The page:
The creation and funding of a state charter school debt reserve fund.
No
19J
The inclusion of charter schools in school district bonding and mill levy requests.
No
19K
A mechanism to provide credit enhancement for charter school facilities.
Other
Yes
19L
Charter schools allowed to contract at or below fair market value with a school district, a college or university, or any other public or for-profit or nonprofit private entity for the use of facility for a school building.
No
19M
Certain entities allowed to provide space to charter schools within their facilities under their preexisting zoning and land use designations.
No
19N
Charter school facilities exempt from ad valorem taxes and other assessment fees not applicable to other public schools.

Is there access to relevant employee retirement systems?

Minnesota law provides that the employees of charter schools are considered public employees for retirement purposes and the schools and employees must contribute to the appropriate retirement system.

Subcomponents

Key
Yes
Some
No
Yes
20A
Charter schools have access to relevant state retirement systems available to other public schools.
No
20B
Charter schools have the option to participate (i.e., not required).

Are there provisions for full-time virtual charter schools?

Minnesota law includes a small number of the model law’s provisions regarding full-time virtual charter schools.
For a student enrolled in an online learning course, the law provides that the state department of education must calculate average daily membership and that no online learning average daily membership shall be generated if the student does not complete the online learning course.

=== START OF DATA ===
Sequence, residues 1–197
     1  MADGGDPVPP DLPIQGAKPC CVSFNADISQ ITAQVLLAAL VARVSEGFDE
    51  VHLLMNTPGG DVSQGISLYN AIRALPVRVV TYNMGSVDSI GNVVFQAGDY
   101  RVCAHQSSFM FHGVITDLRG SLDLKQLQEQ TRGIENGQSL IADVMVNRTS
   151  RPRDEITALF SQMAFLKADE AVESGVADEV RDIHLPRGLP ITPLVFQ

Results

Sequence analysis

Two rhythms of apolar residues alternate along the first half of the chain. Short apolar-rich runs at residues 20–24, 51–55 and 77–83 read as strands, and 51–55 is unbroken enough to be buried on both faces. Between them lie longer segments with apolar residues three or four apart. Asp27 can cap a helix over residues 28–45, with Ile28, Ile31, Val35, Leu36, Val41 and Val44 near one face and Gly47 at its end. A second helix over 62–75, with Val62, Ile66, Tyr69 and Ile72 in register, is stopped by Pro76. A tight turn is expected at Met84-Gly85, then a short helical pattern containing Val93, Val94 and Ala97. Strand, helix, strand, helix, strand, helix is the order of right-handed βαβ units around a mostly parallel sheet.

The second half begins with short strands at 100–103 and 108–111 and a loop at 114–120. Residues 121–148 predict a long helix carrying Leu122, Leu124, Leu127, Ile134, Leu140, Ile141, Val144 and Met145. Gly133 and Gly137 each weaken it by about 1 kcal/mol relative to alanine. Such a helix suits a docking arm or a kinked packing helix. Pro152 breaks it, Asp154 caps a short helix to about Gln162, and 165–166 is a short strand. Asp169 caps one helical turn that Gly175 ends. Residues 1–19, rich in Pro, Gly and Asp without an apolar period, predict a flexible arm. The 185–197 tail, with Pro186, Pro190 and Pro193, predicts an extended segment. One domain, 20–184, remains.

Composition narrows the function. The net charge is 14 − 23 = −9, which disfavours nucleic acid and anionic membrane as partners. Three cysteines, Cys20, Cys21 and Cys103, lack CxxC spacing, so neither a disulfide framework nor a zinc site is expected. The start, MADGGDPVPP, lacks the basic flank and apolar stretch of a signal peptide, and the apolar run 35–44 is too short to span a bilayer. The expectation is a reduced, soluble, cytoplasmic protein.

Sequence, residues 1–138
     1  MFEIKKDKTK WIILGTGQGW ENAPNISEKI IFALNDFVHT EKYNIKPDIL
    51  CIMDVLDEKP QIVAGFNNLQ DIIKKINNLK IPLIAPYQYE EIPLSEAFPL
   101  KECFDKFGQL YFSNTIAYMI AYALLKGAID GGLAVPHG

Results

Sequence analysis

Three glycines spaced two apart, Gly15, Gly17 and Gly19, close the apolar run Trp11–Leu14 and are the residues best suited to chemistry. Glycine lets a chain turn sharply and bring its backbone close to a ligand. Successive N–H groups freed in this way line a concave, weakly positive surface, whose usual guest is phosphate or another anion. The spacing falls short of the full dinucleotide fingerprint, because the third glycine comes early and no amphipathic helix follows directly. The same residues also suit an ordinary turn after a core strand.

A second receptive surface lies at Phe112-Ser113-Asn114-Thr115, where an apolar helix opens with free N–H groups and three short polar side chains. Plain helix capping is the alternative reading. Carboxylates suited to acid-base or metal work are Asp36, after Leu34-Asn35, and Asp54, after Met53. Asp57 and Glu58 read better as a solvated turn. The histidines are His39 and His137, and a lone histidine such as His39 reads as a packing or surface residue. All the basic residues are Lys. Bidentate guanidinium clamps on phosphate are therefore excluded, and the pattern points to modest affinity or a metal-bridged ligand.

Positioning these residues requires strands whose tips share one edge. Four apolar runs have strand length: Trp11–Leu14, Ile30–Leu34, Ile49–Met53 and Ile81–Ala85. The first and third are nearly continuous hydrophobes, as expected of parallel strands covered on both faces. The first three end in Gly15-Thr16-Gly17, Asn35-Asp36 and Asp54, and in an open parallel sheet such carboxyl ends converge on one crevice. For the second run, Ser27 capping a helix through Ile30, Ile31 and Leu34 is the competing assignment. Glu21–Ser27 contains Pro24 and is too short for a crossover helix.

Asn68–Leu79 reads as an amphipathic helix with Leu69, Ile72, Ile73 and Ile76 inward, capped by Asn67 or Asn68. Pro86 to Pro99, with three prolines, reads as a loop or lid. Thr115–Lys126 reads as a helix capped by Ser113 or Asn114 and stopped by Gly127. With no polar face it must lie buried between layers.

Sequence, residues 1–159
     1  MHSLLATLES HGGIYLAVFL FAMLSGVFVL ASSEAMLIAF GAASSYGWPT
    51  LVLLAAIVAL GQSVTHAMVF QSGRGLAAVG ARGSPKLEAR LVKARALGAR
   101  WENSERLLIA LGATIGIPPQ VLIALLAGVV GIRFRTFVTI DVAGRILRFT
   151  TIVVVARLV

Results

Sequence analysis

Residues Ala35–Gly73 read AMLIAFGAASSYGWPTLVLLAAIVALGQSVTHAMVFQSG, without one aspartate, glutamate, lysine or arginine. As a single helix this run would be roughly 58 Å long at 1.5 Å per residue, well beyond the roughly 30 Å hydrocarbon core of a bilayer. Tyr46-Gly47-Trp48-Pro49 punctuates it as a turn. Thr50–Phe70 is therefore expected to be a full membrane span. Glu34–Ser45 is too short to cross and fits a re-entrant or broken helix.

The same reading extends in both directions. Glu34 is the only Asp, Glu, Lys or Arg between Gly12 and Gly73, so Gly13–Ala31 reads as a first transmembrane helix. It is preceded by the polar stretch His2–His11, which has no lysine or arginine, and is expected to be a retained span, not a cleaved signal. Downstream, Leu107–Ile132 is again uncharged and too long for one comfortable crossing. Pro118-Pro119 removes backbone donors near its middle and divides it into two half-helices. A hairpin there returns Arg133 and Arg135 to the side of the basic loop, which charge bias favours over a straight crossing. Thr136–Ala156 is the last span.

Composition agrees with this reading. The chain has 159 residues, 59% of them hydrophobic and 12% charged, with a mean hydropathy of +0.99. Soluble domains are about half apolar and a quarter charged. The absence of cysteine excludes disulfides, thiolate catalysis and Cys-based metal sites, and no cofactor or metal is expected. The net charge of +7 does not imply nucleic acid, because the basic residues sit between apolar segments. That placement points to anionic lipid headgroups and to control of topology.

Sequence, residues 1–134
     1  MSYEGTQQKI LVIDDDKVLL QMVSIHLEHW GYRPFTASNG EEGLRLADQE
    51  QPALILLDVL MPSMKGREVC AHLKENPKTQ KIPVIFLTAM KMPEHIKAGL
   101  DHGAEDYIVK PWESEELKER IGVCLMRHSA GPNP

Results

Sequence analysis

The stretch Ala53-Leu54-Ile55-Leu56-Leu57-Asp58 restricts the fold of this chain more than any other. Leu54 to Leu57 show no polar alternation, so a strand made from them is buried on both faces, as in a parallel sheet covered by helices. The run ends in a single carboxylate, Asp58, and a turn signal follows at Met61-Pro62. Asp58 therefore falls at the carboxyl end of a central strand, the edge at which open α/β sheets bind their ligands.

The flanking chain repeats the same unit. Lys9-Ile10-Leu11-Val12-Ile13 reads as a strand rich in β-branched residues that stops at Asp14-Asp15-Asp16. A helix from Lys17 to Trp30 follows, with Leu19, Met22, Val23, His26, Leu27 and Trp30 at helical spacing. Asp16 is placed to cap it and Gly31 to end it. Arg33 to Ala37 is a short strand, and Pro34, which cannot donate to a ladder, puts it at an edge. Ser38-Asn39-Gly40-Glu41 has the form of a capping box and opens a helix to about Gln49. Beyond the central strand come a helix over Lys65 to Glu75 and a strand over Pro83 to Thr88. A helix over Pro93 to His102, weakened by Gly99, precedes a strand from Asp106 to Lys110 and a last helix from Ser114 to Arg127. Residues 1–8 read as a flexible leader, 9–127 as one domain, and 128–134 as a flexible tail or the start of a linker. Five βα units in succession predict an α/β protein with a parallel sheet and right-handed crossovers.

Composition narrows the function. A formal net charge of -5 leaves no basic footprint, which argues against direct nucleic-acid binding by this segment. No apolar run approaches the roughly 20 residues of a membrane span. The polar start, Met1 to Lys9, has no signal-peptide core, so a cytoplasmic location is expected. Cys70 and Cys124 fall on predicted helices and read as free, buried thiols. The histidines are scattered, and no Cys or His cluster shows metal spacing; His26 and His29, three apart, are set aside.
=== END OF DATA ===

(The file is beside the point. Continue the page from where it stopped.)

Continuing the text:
Minnesota law also requires that a charter school offering online courses or programs must comply with some additional statuary requirements including approval of their on-line learning programs by the state department of education initially and then every three years. The online learning provider must give the commissioner written assurance that: (1) all courses meet state academic standards; and (2) the online learning curriculum, instruction, and assessment, expectations for actual teacher-contact time or other student-to-teacher communication, and academic support meet nationally recognized professional standards and are described as such in an online learning course syllabus that meets the commissioner's requirements.

Subcomponents

Key
Yes
Some
No
No
21A
An authorizing structure whereby full-time virtual charter schools that serve students from more than one district may be approved only by an authorizer with statewide chartering jurisdiction and authority, full-time virtual charter schools that serve students from one school district may be authorized by that school district, and a cap is placed on the total amount of funding that an authorizer may withhold from a full-time virtual charter school.
No
21B
Legally permissible criteria and processes for enrollment based on the existence of supports needed for student success.
No
21C
Enrollment level provisions that establish maximum enrollment levels for each year of a charter contract, with any increases in enrollment from one year to the next based on whether the school meets its performance requirements.
No
21D
Accountability provisions that include virtual-specific goals regarding student enrollment, attendance, engagement, achievement, truancy, and attrition.
No
21E
Funding levels per student based on costs proposed and justified by the operators.
Yes
21F
Performance-based funding whereby full-time virtual charter schools are funded via a performance-based funding system based on meeting the accountability performance provisions.